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2017

NORTH CAROLINA L I T E R A R Y RE V I E W

a review by Catherine Carter Sam Barbee. That Rain We Needed. Winston-Salem, NC: Press 53, 2016. Scott Owens. Thinking About the Next Big Bang in the Galaxy at the Edge of Town. Charlotte, NC: Main Street Rag, 2015.

Born on the eastern shore of Maryland, CATHERINE CARTER lives with her husband in Cullowhee, NC, near Western Carolina University, where she teaches in the English Education program. Her latest full-length collection of poetry is The Swamp Monster at Home (Louisiana State University Press, 2012; reviewed in NCLR Online 2013); her first, The Memory of Gills (Louisiana State University Press, 2006; reviewed in NCLR 2007), received the 2007 Roanoke-Chowan Award from the North Carolina Literary and Historical Association. Her chapbook Marks of the Witch won Jacar Press’s 2014 chapbook contest. Her work has also appeared in Best American Poetry 2009, Orion, Poetry, Asheville Poetry Review, and Ploughshares, among other venues, including NCLR 2001, 2008, and 2011.

ABOVE RIGHT Sam Barbee at the Winston-Salem Writers’ Poetry in Plain Sight Live! reading, Winston– Salem, NC, 27 Aug. 2016

The preoccupation with familial ties (or shackles) is most apparent in Sam Barbee’s second collection. That Rain We Needed revolves largely around literal family, moving from the speaker’s adoptive parents, grandparents, uncles, and aunts (the first section) into the world of his own children (the second), and finally (in the third section) into love poems to a spouse. Barbee begins with two poems about the adoption of the speaker, who sees in himself the “reincarnation” of a biological child lost to stillbirth. The speaker of “Our Father’s Son” finds that even though the father “has loved me well, / and to his ends – nothing wrong here,” he himself, replacing the dead child whom he acknowledges as a “sibling fantasy,” must “improvise in the void.” Improvisation in the void threads the three sections together; the phrase offers a description of family life with which many readers will be able to identify.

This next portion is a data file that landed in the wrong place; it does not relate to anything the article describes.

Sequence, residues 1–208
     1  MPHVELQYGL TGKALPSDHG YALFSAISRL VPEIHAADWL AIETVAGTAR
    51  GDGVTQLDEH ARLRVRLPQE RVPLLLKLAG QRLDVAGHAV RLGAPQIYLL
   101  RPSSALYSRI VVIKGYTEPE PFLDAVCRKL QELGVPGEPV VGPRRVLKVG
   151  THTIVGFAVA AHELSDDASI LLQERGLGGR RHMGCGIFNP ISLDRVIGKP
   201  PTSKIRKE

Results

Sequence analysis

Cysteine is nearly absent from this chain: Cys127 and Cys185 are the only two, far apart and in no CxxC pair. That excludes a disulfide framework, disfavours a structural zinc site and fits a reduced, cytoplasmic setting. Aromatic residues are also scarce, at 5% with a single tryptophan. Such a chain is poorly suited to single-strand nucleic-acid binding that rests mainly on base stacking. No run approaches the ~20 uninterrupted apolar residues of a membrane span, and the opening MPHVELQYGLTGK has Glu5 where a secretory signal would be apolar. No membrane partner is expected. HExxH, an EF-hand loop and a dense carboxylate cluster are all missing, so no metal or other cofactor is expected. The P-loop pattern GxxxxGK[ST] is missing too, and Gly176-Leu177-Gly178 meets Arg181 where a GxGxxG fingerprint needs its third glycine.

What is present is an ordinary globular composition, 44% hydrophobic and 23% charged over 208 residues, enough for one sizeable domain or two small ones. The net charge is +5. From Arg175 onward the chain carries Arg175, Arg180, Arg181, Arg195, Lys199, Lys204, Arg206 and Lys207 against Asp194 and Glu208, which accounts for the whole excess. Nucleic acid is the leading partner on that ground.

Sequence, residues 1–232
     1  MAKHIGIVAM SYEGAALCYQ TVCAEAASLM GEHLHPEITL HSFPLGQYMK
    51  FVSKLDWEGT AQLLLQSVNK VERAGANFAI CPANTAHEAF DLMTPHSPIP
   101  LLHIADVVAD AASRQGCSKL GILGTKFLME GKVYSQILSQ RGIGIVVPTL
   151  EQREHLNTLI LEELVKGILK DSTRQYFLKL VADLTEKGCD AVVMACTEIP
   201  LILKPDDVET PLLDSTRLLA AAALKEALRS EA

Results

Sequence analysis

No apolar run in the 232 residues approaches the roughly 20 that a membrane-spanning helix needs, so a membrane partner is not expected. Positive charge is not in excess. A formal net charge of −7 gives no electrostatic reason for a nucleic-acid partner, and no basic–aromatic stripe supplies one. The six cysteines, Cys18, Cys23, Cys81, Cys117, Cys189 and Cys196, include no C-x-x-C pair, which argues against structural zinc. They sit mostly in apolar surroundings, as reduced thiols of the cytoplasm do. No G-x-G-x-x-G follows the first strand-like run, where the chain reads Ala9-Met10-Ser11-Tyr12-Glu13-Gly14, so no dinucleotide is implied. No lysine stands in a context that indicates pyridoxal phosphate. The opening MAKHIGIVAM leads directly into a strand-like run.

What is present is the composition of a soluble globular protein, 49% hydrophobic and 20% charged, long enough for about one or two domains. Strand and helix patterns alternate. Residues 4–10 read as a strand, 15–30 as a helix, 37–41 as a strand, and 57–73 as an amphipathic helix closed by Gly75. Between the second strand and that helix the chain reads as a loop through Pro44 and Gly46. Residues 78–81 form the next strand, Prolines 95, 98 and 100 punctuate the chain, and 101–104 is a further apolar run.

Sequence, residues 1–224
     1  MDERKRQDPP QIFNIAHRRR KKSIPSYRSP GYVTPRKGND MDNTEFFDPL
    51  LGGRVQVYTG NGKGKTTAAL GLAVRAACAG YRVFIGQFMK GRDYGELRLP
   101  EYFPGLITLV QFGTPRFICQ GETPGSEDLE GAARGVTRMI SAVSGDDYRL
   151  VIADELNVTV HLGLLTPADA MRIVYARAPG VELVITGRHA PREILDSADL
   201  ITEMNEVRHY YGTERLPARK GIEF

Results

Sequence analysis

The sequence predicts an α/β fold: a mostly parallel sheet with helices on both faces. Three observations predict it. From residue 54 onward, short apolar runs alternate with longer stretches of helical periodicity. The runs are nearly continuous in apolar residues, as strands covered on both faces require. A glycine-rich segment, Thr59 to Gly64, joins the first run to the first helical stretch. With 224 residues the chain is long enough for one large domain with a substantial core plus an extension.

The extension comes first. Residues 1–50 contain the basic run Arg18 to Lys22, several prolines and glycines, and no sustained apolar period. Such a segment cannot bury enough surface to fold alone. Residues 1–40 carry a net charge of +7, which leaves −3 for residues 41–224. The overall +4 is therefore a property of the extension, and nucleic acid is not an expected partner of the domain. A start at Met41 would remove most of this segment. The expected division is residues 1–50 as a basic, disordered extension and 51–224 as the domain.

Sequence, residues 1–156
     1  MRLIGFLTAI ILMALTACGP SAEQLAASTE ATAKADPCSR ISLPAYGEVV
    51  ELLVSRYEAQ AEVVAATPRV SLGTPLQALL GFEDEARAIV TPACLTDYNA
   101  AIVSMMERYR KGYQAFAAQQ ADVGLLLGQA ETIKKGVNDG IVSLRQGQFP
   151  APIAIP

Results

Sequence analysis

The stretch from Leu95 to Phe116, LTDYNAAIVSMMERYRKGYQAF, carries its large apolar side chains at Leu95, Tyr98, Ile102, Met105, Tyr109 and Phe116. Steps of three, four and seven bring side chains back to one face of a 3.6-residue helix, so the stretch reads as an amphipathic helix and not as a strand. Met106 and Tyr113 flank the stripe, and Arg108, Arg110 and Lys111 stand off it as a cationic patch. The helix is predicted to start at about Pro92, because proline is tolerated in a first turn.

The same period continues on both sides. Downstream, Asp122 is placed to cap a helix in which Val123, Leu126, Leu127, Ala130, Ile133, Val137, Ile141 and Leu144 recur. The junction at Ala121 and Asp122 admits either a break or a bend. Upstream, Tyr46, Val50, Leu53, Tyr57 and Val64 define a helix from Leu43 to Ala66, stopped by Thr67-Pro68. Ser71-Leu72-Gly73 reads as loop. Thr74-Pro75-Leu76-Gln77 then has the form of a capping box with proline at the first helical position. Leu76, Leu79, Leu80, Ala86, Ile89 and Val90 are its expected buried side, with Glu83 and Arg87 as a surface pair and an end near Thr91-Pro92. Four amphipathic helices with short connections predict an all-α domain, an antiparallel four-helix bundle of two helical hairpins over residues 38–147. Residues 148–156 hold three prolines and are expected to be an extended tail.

PHOTOGRAPH BY ALICE OSBORN

FAMILY BUSINESS AND “NON-STUPID OPTIMISM”

“Destined to never have ample answers, / or honor every promise made in passion / or pretending, we go about family business,” writes Sam Barbee, a poet and public servant from WinstonSalem, NC, in “Love Letter to My Wife.” Family business, the kind from which few people ever get to retire, is a central concern both of Barbee’s That Rain We Needed and of Hickory poet Scott Owens’s Thinking About the Next Big Bang in the Galaxy at the Edge of Town. Literal families and larger families extending even beyond humankind shape the course of both books in clear, accessible poems, mostly in free verse, which resist the temptation to be cryptic, pretentious, or self-pitying.

More, though, this poem also introduces leitmotifs of Christianity, which span the volume’s trinity: the poem is set at Easter, when the lost son’s grave is polished. The family stands beside the tomb, but the resurrection is embodied only in the adopted son, “heir / apparent to it all.” Many poems are marked by signposts of the liturgical year; dogwoods, the tree on which legend has Christ crucified, appear frequently; the final third of the volume draws imagery from the (literal) garden; the volume ends as well as begins around Easter. The struggles of father and son suggest a more metaphysical Father and Son (in the early sections of the book, mothers and female relatives are present but largely silent). Poems’ titles include “Covenant,” “Communion,” and “Palm Sunday,” and their language often includes such weighted words as grace, faith, sacrifice, and vision. This should not discourage readers of a more secular bent, however; there are no unearned miracles here. In “Soft Spots in the Stream,” while

Profile for East Carolina University

North Carolina Literary Review Online 2017  

North Carolina Literary Review is published annually by East Carolina University with additional funding from the North Carolina Literary an...

North Carolina Literary Review Online 2017  

North Carolina Literary Review is published annually by East Carolina University with additional funding from the North Carolina Literary an...

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